- Ibrahim SH, Hirsova P, Malhi H, Gores GJ. Animal Models of Nonalcoholic Steatohepatitis: Eat, Delete, and Inflame. Dig Dis Sci. 2016 May;61(5):1325-36. doi: 10.1007/s10620-015-3977-1. Epub 2015 Dec 1. PMID: 26626909; PMCID: PMC4838538.
- Van Herck MA, Vonghia L, Francque SM. Animal Models of Nonalcoholic Fatty Liver Disease-A Starter’s Guide. Nutrients. 2017 Sep 27;9(10):1072. doi: 10.3390/nu9101072. PMID: 28953222; PMCID: PMC5691689.
- Scholten D, Trebicka J, Liedtke C, Weiskirchen R. The carbon tetrachloride model in mice. Lab Anim. 2015 Apr;49(1 Suppl):4-11. doi: 10.1177/0023677215571192. PMID: 25835733.
- Takahashi Y, Soejima Y, Fukusato T. Animal models of nonalcoholic fatty liver disease/nonalcoholic steatohepatitis. World J Gastroenterol. 2012;18(19):2300-2308. doi:10.3748/wjg.v18.i19.2300
- Trak-Smayra V, Paradis V, Massart J, Nasser S, Jebara V, Fromenty B. Pathology of the liver in obese and diabetic ob/ob and db/db mice fed a standard or high-calorie diet. Int J Exp Pathol. 2011 Dec;92(6):413-21. doi: 10.1111/j.1365-2613.2011.00793.x. Epub 2011 Nov 25. PMID: 22118645; PMCID: PMC3248077.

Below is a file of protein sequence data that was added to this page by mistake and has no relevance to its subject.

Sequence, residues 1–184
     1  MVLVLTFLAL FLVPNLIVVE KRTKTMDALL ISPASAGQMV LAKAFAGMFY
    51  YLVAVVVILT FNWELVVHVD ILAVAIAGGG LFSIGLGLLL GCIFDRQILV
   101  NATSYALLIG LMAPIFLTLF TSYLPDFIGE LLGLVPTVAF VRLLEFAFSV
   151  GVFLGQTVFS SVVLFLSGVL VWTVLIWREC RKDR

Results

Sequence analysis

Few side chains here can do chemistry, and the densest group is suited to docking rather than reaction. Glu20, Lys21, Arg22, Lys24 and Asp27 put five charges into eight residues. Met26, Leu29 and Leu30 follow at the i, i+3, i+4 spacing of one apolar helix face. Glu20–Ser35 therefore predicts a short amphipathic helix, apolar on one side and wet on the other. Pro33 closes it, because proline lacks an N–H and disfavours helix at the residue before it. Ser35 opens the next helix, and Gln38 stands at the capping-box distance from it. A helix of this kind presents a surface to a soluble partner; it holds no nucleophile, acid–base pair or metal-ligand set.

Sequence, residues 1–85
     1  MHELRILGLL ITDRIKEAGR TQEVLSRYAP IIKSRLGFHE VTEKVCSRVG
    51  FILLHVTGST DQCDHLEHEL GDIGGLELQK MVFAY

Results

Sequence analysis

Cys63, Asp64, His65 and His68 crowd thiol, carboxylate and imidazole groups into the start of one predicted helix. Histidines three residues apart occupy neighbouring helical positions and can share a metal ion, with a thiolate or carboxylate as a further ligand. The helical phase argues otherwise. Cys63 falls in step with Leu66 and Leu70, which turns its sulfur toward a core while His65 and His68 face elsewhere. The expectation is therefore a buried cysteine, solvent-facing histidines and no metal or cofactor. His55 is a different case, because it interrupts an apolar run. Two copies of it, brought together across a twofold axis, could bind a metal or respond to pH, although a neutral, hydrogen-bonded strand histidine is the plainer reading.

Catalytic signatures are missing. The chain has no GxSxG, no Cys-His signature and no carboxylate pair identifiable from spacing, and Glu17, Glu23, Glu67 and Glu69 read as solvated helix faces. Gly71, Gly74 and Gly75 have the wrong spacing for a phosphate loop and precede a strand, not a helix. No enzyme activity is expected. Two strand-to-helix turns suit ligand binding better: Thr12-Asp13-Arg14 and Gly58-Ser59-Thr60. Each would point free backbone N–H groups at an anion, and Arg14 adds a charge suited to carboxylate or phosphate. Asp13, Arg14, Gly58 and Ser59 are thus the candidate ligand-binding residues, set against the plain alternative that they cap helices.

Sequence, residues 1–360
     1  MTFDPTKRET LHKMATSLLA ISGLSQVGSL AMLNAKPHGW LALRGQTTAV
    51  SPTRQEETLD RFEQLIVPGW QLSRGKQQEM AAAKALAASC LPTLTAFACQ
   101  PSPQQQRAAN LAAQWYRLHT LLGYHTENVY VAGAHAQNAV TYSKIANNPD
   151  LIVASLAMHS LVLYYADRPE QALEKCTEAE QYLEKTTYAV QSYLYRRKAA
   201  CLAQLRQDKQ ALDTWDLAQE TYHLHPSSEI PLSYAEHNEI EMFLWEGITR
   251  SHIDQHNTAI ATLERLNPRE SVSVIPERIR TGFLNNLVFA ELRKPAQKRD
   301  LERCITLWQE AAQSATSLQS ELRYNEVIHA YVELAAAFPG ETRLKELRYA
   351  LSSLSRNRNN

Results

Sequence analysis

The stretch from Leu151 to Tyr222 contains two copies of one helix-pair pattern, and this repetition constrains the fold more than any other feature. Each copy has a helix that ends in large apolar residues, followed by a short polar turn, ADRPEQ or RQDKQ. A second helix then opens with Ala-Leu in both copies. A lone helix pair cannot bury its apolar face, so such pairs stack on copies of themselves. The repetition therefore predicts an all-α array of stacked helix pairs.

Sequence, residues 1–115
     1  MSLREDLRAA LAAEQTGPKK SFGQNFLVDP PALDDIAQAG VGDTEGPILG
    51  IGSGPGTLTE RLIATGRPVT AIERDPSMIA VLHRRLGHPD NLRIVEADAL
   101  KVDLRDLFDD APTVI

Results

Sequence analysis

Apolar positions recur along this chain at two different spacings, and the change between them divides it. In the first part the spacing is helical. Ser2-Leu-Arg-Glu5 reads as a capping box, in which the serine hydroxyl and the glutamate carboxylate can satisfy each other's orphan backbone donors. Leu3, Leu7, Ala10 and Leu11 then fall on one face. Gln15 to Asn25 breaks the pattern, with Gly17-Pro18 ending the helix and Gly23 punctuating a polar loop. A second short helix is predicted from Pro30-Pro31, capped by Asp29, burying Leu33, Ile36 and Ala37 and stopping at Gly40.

- Criver.com – Nonalcoholic Steatohepatitis NASH Models
- Kostrzewski T, Maraver P, Ouro-Gnao L, Levi A, Snow S, Miedzik A, Rombouts K, Hughes D. A Microphysiological System for Studying Nonalcoholic Steatohepatitis. Hepatol Commun. 2019 Nov 13;4(1):77-91. doi: 10.1002/hep4.1450. PMID: 31909357; PMCID: PMC6939502.
- Vacca M, Leslie J, Virtue S, Lam BYH, Govaere O, Tiniakos D, Snow S, Davies S, Petkevicius K, Tong Z, Peirce V, Nielsen MJ, Ament Z, Li W, Kostrzewski T, Leeming DJ, Ratziu V, Allison MED, Anstee QM, Griffin JL, Oakley F, Vidal-Puig A. Bone morphogenetic protein 8B promotes the progression of non-alcoholic steatohepatitis. Nat Metab. 2020 Jun;2(6):514-531. doi: 10.1038/s42255-020-0214-9. Epub 2020 Jun 8. PMID: 32694734.